This is a guest post from a StoryCrafting Alumni, Rachael Onuigbo.
I run through the hospital. Everything is moving too slow and too fast at once. I run, the room numbers blurring. 201…202…203…204 and then finally, 205. Doctors are outside the room. A doctor moves out of the group when he sees me running towards them. He is saying something but I can’t hear him. I shrug out of his grip and push through to get in but I don’t have to.
Nurses roll out a stretcher. A body lies unmoving on it, completely covered. I refuse to believe till I see it. I struggle against the hands that hold me and pull the covering back then I see the evidence I need. The world becomes a roar. My husband is dead. The face that had smiled at me, the mouth that had kissed me goodbye this morning. Gone.
I start screaming and crying, begging the doctors to do something. To save the man that meant everything to me. My pleas and screams fall on deaf ears as someone pulls me away so the nurses can roll out the stretcher.
I feel like I’m in a haze, going through the motions but not really going through them. The accident is on the news and the phone rings non-stop but I don’t pick it. Pictures of both of us together are everywhere. Our wedding, our honeymoon in Paris, the impulsive vacation to Hawaii. Memories move as if in a slideshow and I know that I can’t survive without him. I can’t find the will to. Visitors come pouring in, offering their condolences and asking me if I’m okay. What can I tell them? I will never be okay. I am told that I have to eat. My husband will never eat again so why should I? Nobody understands how I feel and I doubt anyone ever will.
I stand in front of the mirror and cannot recognise the woman staring back. I have lost weight and my clothes hang off me in unflattering angles. My face is pale, my hair a messy bun. Before, I wouldn’t be caught dead with messy hair. Everything is now categorized as ‘before’ and ‘after’. Before my husband died. After my husband died. I can’t do this, I whisper to my reflection. I can’t do this. I give in and cry.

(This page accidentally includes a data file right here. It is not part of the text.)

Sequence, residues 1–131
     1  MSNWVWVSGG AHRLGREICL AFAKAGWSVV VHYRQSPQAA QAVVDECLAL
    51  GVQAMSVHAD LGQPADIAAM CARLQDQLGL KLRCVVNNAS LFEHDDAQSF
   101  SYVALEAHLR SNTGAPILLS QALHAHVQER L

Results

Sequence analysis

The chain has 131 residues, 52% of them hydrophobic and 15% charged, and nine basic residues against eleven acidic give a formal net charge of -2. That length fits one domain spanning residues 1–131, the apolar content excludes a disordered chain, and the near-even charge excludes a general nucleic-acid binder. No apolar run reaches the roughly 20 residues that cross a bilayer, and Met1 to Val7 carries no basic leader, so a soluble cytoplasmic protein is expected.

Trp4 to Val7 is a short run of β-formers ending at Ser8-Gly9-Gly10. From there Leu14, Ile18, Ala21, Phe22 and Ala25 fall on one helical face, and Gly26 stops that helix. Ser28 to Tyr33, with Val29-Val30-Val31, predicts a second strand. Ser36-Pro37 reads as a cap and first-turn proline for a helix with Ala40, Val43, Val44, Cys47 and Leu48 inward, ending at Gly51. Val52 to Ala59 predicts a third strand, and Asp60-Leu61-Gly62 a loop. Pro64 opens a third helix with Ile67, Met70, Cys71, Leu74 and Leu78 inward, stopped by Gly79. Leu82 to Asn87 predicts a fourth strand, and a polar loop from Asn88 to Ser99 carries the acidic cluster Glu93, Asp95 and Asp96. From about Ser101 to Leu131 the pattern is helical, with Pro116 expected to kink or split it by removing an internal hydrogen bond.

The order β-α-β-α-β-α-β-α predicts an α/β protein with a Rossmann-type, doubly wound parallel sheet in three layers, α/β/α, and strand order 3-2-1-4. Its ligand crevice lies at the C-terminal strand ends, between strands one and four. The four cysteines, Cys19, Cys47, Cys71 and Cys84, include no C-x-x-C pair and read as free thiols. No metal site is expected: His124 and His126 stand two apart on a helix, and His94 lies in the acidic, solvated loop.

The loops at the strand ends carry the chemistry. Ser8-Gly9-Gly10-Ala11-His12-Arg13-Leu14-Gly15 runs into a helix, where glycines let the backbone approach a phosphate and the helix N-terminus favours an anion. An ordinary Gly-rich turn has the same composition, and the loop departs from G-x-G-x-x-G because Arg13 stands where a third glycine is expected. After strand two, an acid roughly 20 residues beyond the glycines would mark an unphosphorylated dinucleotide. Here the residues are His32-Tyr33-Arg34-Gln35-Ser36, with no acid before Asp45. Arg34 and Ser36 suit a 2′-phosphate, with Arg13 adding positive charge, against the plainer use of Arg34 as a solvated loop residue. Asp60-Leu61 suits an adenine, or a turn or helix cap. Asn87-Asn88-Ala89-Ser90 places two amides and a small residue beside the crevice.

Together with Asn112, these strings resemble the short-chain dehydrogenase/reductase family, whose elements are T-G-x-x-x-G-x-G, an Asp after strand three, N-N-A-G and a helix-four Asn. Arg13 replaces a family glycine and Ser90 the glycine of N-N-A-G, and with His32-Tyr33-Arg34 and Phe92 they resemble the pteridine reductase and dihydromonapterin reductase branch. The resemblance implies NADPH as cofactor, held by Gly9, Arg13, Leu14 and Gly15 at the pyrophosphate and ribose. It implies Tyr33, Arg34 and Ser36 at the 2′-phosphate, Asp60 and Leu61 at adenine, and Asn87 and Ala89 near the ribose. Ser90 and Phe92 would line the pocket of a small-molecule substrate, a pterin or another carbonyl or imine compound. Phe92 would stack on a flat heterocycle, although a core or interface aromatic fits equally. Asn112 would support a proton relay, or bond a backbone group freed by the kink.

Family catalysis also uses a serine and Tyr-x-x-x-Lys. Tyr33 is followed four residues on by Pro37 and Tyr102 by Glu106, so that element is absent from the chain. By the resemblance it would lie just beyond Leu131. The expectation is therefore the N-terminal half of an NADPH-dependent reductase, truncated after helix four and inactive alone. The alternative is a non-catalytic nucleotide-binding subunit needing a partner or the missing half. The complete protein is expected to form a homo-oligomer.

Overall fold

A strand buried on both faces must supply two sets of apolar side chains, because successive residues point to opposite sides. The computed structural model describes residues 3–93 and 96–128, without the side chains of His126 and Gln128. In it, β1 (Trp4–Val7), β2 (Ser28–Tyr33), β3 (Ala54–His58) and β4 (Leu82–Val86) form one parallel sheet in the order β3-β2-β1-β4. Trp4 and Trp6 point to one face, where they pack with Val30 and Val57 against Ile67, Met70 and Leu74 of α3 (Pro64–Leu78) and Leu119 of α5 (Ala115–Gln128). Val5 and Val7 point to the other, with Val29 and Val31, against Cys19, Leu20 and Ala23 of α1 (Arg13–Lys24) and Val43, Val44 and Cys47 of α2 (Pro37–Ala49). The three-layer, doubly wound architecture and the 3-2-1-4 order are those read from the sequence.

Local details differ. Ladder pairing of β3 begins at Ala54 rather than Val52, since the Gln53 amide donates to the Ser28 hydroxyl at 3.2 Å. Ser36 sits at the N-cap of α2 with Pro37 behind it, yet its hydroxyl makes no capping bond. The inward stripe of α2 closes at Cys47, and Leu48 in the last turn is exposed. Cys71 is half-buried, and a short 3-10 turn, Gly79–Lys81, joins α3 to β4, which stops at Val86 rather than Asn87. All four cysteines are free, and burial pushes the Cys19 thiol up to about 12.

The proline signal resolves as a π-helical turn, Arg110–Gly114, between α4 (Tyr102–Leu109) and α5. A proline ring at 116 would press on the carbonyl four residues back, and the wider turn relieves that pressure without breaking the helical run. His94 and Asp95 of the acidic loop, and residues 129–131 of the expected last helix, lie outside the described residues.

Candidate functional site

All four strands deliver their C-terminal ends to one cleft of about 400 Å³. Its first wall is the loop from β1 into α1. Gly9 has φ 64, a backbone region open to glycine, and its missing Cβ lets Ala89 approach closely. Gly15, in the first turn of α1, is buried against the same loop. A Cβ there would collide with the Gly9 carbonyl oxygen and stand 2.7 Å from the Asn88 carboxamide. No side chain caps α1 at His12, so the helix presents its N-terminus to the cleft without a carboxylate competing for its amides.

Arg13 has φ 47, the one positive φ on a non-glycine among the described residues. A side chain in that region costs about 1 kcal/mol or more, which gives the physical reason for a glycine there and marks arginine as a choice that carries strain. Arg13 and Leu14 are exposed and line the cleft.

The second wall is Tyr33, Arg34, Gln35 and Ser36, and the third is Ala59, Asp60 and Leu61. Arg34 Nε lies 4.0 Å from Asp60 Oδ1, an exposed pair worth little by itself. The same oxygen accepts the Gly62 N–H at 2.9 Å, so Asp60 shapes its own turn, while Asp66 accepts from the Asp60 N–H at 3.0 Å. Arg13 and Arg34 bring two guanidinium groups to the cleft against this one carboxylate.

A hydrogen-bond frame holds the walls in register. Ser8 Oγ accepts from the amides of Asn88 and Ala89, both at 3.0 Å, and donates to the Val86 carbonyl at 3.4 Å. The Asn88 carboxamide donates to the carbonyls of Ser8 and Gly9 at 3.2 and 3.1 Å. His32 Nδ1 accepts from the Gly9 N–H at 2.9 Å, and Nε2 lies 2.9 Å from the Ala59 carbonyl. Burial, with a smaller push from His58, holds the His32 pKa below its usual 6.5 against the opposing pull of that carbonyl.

Today is the burial. I tune out what the priest is saying and look at the closed coffin at the altar. Everybody tells me that God knows best and He has a reason. To me, that means that God likes to see people suffer because why would he take away what was most important to me? The burial ends and we drive to the cemetery. I am quiet throughout. After the priest blesses the coffin, the pallbearers lower it to the ground. I feel like someone is cutting off my oxygen supply as I watch. Tears fill my eyes as I realise, yet again, how much I’ve lost. People come over and in a robotic voice, I thank them for coming. They offer words of encouragement that do nothing to help me and tell me I’ll be okay but I don’t believe them.
By now, I’m numb. I have locked my grief deep inside me because I’ve realised that sometimes, it is easier to bear your pain alone. People ask me if I’m okay. I nod and give a fake smile, knowing that they wouldn’t want to hear how I reach out on the bed for someone that isn’t there. Or how I wake up every morning thinking it is all a bad dream and break apart again when I realize that it isn’t. I cry myself to sleep every night, holding on to his things and inhaling his scent. I rage at God and ask questions that are never answered. My life is a big question mark and I wonder if the hole in my heart will ever fill.
I haven’t dreamt of him since he died and I am yet to decide if that is a good or bad thing. I push myself out of the bed and in front of the mirror and cringe at what I see. There are shadows in my eyes and hollows under them. I look like I have aged thirty years and I feel that way too. I put my hand on my chest. I can feel my heart’s steady beat. Even though my world has been torn apart and has lost its axis, I’m still alive. I decide to stay that way for him. I have to put all his things in a box and take them out. Oh God, I can’t do this. I want to crawl back into bed again but something in me refuses to keep drowning in the pain. I’ve been drowning for so long, maybe it’s time I learnt how to swim and for the first time in a long while, I have hope.
I’m at the cemetery, in front of my husband’s grave with a bouquet of white roses in my hand. I can’t believe a year has passed. I’m not the woman I was before or the woman I have become. I am something else entirely and I am trying to make that something good. My heart hurts in a million places as I drop the bouquet and kiss the headstone. I wonder if he is watching me, if he knows how much I miss him, if he knows that I will love him forever and will keep him safe in my heart so that death does not become what defines our time together. As I leave, I accept that maybe God had his reasons. It is time for me to live again. I cry a little in my car as I feel my heart go lighter and maybe I’m being paranoid but I feel someone-maybe God or my husband-smile at me from above.